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About Me

In 2004, I read several real estate investing books and decided I wanted to become an investor of residential rental homes. The websites of today such as, Zillow, etc. didn’t exist back then so I came up with the idea of obtaining a real estate license for easy access to the Multiple Listing Service (MLS). Plus, I earned commission for each one of my purchases.

I became a Realtor in 2005 when the market was extremely hot. My intent was never to be a “Realtor” per se. However, I soon became one of the top producing Realtors in my office while working a demanding full-time as a director in the field of logistics. Sadly, I purchased houses at the height of the market and didn’t make any money. Plus, I had the usual landlord headaches.

In April 2006, my large, nationwide logistic employer filed bankruptcy and closed. Shortly after, I started working with a couple of investors who bought houses then immediately sold wholesale. After the investors received leads from radio and other avenues I would meet with the potential sellers. At first, I made good, fast money. Around mid-2006, forclosures started to flood the real estate market so the investors wanted me to target foreclosures. Unfortunately, banks were not responding to offers for foreclosed homes so I stopped earning money. Next, came the Great Recession where I lost everything I owned and was broke.

In 2008, I finally accepted a position in self-storage earning $9/hour. At the end of that same year, I was offered a supervisory position in logistics earning about 50% of what I made prior to 2006. At the same time, I worked part-time for another self-storage company.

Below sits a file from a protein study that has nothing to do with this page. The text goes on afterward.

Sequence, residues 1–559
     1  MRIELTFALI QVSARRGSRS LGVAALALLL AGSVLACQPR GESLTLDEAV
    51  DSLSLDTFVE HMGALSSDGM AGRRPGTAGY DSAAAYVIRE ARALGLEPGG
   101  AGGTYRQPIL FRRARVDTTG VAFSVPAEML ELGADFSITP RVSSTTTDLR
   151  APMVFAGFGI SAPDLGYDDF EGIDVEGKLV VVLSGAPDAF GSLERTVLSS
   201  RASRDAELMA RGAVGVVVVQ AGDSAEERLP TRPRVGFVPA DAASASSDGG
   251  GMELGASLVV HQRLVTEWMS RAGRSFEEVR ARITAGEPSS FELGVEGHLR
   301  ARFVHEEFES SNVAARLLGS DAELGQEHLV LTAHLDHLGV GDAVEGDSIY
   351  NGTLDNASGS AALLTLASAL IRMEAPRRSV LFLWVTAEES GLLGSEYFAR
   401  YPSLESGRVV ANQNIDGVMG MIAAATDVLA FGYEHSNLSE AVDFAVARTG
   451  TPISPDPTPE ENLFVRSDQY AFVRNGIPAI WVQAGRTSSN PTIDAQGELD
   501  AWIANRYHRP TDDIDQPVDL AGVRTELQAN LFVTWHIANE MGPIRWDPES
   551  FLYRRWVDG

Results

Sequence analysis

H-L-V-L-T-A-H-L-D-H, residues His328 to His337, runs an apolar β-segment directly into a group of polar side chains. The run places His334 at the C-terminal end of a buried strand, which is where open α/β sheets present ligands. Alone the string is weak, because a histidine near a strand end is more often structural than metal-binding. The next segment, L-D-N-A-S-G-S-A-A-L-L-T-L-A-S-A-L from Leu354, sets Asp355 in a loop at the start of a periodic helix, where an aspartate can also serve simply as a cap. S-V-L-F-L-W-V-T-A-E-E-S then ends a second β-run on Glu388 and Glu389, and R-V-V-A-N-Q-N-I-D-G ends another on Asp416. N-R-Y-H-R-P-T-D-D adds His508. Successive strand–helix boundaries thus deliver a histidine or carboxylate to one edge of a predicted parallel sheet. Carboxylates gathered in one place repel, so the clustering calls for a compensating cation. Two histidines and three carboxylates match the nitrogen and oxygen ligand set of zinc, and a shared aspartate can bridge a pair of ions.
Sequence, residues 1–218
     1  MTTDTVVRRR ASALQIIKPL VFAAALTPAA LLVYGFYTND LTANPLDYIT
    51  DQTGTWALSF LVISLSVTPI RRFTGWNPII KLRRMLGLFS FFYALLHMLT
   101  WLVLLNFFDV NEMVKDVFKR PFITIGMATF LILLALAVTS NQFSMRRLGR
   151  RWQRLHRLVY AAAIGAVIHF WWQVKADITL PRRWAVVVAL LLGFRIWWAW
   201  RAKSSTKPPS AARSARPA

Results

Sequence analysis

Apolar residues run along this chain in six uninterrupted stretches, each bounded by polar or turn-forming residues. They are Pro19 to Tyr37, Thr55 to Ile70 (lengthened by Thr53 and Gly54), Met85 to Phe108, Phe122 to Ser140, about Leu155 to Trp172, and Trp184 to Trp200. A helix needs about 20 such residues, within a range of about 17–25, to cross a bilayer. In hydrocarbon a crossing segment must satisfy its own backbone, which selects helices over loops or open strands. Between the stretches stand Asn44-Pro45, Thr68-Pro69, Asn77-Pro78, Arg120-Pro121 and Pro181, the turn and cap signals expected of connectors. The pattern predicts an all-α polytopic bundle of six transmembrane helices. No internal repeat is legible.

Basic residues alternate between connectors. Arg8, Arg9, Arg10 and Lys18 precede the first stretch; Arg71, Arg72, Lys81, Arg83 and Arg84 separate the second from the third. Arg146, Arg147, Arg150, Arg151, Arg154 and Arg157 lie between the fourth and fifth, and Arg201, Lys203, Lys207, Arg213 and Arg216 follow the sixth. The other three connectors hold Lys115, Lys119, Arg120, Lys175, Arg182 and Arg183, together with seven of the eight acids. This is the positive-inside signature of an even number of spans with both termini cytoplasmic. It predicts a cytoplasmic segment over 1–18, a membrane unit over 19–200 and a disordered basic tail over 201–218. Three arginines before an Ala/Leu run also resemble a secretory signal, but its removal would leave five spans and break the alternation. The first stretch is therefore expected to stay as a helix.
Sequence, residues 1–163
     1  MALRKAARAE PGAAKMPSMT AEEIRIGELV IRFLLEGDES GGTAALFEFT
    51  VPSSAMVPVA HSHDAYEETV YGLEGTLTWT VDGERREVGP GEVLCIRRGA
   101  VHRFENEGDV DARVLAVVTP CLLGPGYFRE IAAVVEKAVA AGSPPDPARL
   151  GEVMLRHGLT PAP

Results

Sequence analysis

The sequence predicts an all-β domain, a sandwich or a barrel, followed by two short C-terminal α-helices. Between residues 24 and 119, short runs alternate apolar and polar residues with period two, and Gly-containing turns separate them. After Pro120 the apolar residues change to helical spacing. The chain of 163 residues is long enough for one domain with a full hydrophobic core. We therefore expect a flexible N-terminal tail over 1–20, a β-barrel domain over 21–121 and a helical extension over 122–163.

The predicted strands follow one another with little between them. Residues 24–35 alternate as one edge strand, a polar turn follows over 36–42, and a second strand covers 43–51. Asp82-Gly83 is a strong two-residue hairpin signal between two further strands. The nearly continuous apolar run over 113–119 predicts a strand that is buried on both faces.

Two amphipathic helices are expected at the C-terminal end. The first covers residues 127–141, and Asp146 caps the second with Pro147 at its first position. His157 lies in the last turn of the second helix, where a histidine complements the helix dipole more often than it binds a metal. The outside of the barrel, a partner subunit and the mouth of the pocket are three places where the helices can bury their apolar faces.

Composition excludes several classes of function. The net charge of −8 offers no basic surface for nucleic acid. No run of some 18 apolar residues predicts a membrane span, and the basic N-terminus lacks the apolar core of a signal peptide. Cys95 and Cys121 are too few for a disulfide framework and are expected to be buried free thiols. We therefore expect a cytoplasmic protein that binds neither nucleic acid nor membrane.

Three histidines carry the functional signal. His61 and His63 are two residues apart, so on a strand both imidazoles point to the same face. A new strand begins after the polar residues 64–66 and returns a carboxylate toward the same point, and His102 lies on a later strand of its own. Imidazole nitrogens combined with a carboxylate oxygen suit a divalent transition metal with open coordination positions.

I knew that real estate was the answer to financial freedom so I searched for options. At the end of 2013, I began buying and selling raw vacant land. Shortly after, in 2014, I lost my logistics position of 6 years and my part-time self-storage position of 11 years within 6 months of each other (neither had anything to do with my performance). I applied to hundreds of positions within the logistics industry but my phone didn’t ring. The problem, as I saw it, was that I had too much experience and was getting older.

Since I couldn’t find a job, I focused on my land business relying on it to pay the bills and grow my new business. 7+ years later, I’m financially independent and am so thankful of life’s plan for me. In the logistics industry I made a great salary but had high stress. Now, I spend 1-2 hours per day average and make more money than I’ve ever imagined without the stress. Please understand that I’m not suggesting to quit your day job (at least not immediately). The point I’m trying to make is that you must put in the effort to reap the rewards.

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